Oral Cancer – while it is not as well known as other forms of cancer, this disease kills one person each hour, 24 hours a day. Every. Single. Day.
Though it is a fairly wide-spread issue, campaigns and foundations for other cancers are much more well-known and part of main stream society, most notably the Susan G. Komen foundation with their Race for the Cure. Typically associated with just the mouth, the term oral cancer refers to cancers that effect not only the mouth, but also other areas of the head and neck. The Oral Cancer Foundation defines the disease as, “cancer, [that] can occur anywhere in the mouth, on the surface of the tongue, the lips, inside the cheek, in the gums, in the roof and floor of the mouth, in the tonsils, and in the salivary glands.”
While the wide-spread awareness of how to spot signs of breast cancer has helped many identify the disease in early stages, oral cancers are still typically not discovered until very late – resulting in a high mortality rate. According to the Oral Cancer Foundation (“OCF”), most cases are not noticed until the cells have spread and metastasized in other parts of the body – especially the lymph nodes. Due to the typically late diagnosis of oral cancer (many forms cause no pain until very late stages), treatment options have to be increasingly aggressive and can require surgeries for large or small tumors where some of the tongue and jawbone may require removal. These aggressive treatment methods can also lead to the need for a variety of alternative feeding methods – blending food or a liquid diet, the use of a life-long feeding tube and the loss of the ability to taste.
Due to many campaigns like #FinishIt and “World No Tobacco Day,” by now it is not hard to realize that the biggest risk factor for oral cancer is tobacco usage. In fact, tobacco is the “number one risk factor for those over 50 in all forms of use.” And while the dip on the baseball field or the occasional cigarette may not seem like a big deal, studies have shown that even this type of usage can increase your chances of developing oral cancer.
Another factor that could increase your risk of oral cancer is the heavy use of alcohol, though this is mainly in conjunction with tobacco use. According to the Oral Cancer Foundation, “[t]hose who both smoke and drink, have a 15 times greater risk of developing oral cancer than others.” This significant increase is mainly due to the nutritional deficiencies that result from heavy drinking, which “lower the body’s natural ability to use antioxidants to prevent the formation of cancers.” While the OCF defines heavy drinking as consistently consuming more than 21 standard drinks each week, significant alcohol usage is the second largest risk for the development of oral cancer.
Although using tobacco and alcohol are factors we are able to easily monitor, the third largest risk factor for oral cancer comes from a specific strain of HPV or the human papilloma virus. Therefore, anyone old enough to have engaged in sexual behaviors which are capable of transferring this very ubiquitous virus needs to be screened annually for oral cancer.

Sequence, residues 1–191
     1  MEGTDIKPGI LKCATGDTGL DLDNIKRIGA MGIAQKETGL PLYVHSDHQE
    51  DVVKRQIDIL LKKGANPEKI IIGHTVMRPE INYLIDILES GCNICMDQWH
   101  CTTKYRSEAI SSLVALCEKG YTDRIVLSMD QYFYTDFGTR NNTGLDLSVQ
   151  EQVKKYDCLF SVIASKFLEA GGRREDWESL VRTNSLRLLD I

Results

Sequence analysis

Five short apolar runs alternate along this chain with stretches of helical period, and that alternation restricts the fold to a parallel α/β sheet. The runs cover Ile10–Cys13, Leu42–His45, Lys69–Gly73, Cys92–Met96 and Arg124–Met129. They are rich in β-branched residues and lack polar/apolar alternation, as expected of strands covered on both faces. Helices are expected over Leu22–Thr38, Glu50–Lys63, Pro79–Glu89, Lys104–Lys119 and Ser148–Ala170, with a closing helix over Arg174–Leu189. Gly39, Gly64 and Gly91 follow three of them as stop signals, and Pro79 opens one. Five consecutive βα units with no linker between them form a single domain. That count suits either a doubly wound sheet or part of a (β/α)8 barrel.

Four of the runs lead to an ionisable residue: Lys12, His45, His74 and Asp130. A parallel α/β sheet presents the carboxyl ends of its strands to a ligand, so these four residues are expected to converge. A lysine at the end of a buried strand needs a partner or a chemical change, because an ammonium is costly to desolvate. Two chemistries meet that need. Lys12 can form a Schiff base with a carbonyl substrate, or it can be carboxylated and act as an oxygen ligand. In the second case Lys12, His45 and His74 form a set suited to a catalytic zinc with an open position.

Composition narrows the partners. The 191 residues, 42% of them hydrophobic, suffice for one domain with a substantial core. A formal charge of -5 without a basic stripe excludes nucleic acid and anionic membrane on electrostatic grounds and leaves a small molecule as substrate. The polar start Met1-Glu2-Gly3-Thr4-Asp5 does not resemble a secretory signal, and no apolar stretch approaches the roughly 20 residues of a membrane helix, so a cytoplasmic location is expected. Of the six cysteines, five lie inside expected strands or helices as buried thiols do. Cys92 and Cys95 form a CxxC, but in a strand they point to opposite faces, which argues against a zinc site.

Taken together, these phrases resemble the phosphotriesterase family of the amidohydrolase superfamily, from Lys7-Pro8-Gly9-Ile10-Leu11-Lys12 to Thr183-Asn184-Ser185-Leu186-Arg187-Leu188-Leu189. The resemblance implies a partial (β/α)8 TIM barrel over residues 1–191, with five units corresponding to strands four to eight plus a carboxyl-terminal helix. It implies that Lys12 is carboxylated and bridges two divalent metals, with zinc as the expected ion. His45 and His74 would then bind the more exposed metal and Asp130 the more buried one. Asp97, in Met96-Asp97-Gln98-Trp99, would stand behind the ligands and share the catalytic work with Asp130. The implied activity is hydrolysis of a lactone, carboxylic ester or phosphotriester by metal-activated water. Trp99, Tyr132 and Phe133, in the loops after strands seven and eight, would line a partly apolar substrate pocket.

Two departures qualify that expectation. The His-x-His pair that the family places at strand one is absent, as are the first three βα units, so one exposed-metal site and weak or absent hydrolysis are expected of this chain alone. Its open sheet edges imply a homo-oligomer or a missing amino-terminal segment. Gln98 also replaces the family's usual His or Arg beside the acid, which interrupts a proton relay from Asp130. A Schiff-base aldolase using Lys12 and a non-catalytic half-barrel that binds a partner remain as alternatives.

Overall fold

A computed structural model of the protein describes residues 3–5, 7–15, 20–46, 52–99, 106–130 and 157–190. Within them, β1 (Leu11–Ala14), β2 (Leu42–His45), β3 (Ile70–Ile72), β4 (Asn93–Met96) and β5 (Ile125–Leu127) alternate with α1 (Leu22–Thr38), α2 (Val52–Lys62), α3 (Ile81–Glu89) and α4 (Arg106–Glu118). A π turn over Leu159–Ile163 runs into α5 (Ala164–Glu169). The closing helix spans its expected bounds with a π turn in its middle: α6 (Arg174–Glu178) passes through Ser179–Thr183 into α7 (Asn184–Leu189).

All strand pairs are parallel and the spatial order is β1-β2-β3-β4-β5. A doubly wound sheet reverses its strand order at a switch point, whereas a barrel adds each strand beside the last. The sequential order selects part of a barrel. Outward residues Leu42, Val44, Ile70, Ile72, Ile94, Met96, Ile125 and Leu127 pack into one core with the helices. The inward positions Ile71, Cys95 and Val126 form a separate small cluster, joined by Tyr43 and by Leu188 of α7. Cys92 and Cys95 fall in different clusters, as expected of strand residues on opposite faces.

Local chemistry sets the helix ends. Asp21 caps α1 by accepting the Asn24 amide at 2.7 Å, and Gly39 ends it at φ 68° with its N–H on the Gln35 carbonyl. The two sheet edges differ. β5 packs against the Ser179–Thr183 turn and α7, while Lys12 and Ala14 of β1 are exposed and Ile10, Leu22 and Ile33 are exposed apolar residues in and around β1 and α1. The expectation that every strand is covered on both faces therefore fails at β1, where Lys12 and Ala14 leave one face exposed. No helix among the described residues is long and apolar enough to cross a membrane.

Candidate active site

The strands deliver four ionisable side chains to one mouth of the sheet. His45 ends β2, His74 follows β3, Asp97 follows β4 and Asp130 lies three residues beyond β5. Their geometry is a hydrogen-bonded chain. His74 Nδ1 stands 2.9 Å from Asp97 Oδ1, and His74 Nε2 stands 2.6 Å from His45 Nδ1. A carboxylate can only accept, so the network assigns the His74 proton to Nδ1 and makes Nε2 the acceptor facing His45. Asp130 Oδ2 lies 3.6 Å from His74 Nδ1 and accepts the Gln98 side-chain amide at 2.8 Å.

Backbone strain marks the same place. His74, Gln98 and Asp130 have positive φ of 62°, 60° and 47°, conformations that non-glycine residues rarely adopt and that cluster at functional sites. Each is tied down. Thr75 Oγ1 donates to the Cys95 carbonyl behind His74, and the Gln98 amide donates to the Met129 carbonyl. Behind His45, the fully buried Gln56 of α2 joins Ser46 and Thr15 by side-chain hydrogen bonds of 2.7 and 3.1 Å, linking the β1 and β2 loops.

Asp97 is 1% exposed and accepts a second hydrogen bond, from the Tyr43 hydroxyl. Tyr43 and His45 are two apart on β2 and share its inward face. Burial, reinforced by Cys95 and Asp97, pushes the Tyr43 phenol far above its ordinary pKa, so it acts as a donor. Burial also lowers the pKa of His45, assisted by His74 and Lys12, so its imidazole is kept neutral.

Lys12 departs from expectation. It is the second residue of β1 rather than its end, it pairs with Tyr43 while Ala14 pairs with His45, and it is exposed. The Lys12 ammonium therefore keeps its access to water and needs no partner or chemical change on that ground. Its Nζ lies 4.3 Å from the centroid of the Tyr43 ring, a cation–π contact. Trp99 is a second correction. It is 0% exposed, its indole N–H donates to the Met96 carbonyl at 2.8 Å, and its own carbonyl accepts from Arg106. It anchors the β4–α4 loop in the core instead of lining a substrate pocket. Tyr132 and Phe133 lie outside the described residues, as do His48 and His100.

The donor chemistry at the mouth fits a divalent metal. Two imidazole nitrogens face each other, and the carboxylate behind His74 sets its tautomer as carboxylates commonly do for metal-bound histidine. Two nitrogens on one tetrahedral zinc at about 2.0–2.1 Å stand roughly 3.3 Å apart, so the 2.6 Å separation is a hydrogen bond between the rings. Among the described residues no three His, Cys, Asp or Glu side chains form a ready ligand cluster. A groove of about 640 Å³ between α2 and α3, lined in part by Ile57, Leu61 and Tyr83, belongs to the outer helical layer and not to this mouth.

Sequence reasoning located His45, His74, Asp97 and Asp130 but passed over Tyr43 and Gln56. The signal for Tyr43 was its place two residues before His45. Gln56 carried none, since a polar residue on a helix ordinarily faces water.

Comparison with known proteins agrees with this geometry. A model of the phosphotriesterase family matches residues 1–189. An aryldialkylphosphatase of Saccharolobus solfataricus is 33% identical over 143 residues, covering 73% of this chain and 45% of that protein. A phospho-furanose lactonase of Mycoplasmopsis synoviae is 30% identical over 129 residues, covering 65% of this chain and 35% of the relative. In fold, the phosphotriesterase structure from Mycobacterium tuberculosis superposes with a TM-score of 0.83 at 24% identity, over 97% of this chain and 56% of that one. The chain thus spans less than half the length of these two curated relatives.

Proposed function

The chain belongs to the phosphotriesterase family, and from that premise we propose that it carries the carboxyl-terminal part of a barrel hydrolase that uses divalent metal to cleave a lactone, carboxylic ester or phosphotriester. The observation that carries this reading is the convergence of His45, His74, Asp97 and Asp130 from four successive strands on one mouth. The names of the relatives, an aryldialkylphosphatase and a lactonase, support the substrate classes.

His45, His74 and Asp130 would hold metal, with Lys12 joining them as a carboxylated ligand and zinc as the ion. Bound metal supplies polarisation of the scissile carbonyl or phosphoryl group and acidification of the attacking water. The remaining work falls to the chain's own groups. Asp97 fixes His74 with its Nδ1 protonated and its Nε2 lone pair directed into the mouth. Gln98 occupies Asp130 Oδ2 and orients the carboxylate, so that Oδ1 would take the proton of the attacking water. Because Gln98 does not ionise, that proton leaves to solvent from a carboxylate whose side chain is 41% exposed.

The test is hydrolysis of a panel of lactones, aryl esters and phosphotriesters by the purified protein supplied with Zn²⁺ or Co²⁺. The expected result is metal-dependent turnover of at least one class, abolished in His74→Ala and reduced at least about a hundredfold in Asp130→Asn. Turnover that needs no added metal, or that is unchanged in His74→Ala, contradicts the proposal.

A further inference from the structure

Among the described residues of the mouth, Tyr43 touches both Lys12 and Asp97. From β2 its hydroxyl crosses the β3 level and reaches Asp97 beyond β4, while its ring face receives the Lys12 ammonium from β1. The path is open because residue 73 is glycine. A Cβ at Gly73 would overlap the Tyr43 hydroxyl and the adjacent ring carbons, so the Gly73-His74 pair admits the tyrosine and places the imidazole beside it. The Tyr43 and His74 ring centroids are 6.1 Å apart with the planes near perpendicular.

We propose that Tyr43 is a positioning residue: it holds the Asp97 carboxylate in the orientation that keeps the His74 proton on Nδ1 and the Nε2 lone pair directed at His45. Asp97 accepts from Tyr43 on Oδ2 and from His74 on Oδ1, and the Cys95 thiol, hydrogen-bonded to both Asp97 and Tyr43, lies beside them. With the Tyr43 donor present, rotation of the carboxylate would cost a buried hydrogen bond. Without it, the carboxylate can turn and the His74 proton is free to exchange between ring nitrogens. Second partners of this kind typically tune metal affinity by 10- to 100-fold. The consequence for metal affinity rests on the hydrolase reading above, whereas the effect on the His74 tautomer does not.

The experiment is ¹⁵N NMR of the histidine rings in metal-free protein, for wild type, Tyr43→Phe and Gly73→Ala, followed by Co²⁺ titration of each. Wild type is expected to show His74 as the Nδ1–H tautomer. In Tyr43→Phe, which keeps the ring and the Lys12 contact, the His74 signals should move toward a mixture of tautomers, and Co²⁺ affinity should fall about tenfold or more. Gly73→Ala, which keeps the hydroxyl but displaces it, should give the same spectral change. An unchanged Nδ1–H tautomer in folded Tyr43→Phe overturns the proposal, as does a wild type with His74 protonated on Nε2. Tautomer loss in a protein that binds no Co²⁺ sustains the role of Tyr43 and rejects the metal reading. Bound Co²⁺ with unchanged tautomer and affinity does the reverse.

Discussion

While a way to completely prevent oral cancer has not yet been discovered, there are a number of ways that you can increase your protection against this disease. The most important way to help reduce your risk is to stop using tobacco, or better yet, do not start. The Mayo Clinic also has other recommendations – drink alcohol only in moderation, eat a variety of fruits and vegetables, avoid sun exposure to lips through consistent usage of sunblock, and continue to see your dentist regularly. The OCF has found that the decline in cases of oral cancer at the front of the mouth – typically associated with alcohol and tobacco – has fallen as usage of these has continued to dwindle.
The second biggest way to help protect your body from the dangerous effects of oral cancer is to be aware and on the lookout for early stages and symptoms. One of the biggest signs of the early stages of oral cancer are mixed red and white patches that last more than two weeks. Healthline.com especially calls out red patches that look and feel velvety – in 75-90% of cases, these patches are often precancerous. They recommend that you do not ignore any vividly colored spots in your mouth. If you notice these patches, or sores on your tongue that have been around for more than two weeks, be sure to see your dentist right away. By taking a few minutes each month to scan your mouth – gums, tongue, cheeks, tonsils, and the back of your throat you can help protect yourself from oral cancer.
While oral cancer and the risk factors associated with it seem pretty self-explanatory, knowing the possible risk factors and the early signs for this disease may save your life. It is important to always be on the lookout for any signs of development, and if you find any possible issues, please be sure to see your dentist right away!
For help on proper at-home oral cancer screening check out the introduction to oral cancer
- Oral cancer facts.
- The alcohol connection.
- Proper nutrition.
- More facts about mouth cancer.
- Mayo Clinic – Mouth cancer.
- 5 pictures of mouth cancer
- Susan G. Komen.
- World No Tobacco Day, 31 May 2018.